Why an extra 24 hours is added to the calendar every 4 years


TAMPA, Fla. (WFLA) – Every four years, an extra day is added to the month of February known as a leap day. This is to account for the trip around the sun being slightly longer than our typical 365 day calendar.

The trip actually takes around 365.25 days but the 0.25 days goes unaccounted for during the three years leading up to a leap year. If a leap day wasn’t recognized, eventually the seasons wouldn’t line up with their current months. Holidays like Christmas and July 4th would eventually be celebrated in warmer temps and colder temps respectively.

The leap day was implemented around 46 B.C. by Julius Caesar but in 1582 A.D. a new rule was announced by Pope Gregory XIII.

A closer look of the earth’s orbit reveals it takes 365.2422 days, which is .0078 days less than 365.25. These small numbers might not sound like much year to year but over thousands of years, it does add up if they aren’t accounted for.

By not accounting for the extra 0.0078 days between 46 B.C. and 1582 A.D. per year, it added an extra 12.7 days.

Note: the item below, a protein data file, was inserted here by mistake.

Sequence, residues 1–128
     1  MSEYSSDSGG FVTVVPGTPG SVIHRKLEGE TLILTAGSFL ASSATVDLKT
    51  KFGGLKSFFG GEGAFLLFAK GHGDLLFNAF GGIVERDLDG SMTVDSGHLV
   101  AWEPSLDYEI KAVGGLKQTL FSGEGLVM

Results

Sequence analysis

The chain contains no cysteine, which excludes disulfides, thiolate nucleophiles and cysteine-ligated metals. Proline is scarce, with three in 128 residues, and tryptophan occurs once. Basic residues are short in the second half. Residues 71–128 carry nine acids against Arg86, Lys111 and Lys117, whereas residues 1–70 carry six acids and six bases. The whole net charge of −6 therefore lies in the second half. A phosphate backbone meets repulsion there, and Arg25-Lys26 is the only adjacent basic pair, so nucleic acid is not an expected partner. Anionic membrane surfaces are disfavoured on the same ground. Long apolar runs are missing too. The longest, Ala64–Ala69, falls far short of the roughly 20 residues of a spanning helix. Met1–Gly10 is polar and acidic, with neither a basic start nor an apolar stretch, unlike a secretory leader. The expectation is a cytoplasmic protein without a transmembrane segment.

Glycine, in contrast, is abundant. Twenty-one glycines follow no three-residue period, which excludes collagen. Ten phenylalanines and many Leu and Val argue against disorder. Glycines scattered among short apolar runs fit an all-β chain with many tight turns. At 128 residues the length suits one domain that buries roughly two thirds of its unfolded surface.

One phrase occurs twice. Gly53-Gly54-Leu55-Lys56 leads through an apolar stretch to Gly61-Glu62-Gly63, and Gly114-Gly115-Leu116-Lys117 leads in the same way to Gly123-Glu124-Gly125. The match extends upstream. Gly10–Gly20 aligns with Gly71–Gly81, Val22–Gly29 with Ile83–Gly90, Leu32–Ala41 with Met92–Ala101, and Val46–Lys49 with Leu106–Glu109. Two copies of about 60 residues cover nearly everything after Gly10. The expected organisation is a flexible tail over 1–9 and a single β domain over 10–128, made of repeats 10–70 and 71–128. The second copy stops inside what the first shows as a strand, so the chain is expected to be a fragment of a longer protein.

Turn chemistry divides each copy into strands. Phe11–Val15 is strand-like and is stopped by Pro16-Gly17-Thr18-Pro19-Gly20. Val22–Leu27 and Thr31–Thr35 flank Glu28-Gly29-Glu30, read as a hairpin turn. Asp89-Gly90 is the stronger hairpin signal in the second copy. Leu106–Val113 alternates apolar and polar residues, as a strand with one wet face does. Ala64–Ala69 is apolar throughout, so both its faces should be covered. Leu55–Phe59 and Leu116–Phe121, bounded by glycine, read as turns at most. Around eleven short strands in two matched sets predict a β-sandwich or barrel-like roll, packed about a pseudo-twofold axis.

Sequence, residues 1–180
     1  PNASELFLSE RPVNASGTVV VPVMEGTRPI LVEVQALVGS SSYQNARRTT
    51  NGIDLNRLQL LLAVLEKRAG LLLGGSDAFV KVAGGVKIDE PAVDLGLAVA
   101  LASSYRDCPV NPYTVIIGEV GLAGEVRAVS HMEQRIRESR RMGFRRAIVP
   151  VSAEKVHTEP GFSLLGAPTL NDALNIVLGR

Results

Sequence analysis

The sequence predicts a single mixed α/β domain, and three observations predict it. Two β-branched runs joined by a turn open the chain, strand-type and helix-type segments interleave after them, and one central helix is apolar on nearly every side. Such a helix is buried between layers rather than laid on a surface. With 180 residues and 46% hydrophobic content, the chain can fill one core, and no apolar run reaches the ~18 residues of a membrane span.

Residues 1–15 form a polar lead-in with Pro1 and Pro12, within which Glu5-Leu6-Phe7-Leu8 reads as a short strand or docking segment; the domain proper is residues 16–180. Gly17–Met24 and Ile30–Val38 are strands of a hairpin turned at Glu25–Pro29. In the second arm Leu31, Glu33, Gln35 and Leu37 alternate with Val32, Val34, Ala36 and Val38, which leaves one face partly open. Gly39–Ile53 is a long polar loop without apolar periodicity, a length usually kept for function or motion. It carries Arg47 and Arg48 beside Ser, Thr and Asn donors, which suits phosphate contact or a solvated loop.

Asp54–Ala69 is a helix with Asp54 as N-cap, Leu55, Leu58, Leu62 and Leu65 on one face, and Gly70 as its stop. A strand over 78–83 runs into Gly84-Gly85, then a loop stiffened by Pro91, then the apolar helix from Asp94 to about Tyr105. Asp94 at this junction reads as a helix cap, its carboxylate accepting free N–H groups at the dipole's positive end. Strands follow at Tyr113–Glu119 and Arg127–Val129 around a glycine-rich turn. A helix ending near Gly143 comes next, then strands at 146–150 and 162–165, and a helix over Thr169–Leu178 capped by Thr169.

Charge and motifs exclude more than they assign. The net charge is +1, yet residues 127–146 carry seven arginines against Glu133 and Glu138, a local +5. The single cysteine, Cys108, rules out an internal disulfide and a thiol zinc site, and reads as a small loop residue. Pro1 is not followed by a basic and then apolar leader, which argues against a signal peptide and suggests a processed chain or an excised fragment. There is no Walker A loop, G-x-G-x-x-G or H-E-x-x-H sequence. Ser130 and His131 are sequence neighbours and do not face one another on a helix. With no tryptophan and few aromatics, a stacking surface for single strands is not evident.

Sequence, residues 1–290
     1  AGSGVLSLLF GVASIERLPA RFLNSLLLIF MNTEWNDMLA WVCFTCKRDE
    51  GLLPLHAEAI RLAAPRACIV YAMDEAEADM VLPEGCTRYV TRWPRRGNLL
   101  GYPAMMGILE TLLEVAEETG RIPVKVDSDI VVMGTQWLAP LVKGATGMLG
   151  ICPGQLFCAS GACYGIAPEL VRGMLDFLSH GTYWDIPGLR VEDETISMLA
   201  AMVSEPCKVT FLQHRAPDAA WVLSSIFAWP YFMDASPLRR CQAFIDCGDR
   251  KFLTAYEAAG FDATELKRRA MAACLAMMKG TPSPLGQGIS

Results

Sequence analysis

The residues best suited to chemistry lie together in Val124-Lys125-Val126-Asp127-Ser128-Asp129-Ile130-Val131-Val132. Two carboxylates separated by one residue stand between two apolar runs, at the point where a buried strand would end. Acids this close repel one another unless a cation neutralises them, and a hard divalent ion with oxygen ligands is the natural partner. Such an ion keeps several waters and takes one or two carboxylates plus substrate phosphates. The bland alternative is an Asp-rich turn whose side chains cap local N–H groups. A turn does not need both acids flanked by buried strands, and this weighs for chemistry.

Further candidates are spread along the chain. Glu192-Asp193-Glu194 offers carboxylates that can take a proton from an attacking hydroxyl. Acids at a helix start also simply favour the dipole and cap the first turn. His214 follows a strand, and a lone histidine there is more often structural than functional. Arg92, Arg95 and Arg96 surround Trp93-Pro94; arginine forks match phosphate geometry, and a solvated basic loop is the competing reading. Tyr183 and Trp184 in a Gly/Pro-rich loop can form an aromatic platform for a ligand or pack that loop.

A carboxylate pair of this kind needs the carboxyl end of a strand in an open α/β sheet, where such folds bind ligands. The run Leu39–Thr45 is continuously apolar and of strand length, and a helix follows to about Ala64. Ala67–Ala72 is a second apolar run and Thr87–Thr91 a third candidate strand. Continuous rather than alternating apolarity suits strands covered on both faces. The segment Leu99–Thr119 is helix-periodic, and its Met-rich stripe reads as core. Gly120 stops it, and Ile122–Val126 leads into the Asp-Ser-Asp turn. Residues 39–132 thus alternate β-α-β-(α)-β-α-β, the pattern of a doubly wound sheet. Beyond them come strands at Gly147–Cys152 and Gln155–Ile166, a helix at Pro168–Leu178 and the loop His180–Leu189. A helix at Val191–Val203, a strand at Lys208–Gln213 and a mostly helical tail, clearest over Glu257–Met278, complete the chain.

The new rule in 1582 A.D. stated that years ending in “00” should not be a leap year unless they are divisible by 400. This is why the years 2000 and 1600, for example, were leap years but the years in between (1900, 1800 etc.) were not.

Adding the leap year every 4 years accounts for the ~0.25 days we lose every year. But by not having a leap year on the century years that are not divisible by 400, it eliminates the extra 0.0078 days of error added during a leap year.

Even with the new rule, the average error is still about 25.9 seconds too much each year. At this rate, it takes 3,333 years to bump the calendar one day off.

The math is broken down from NASA here.

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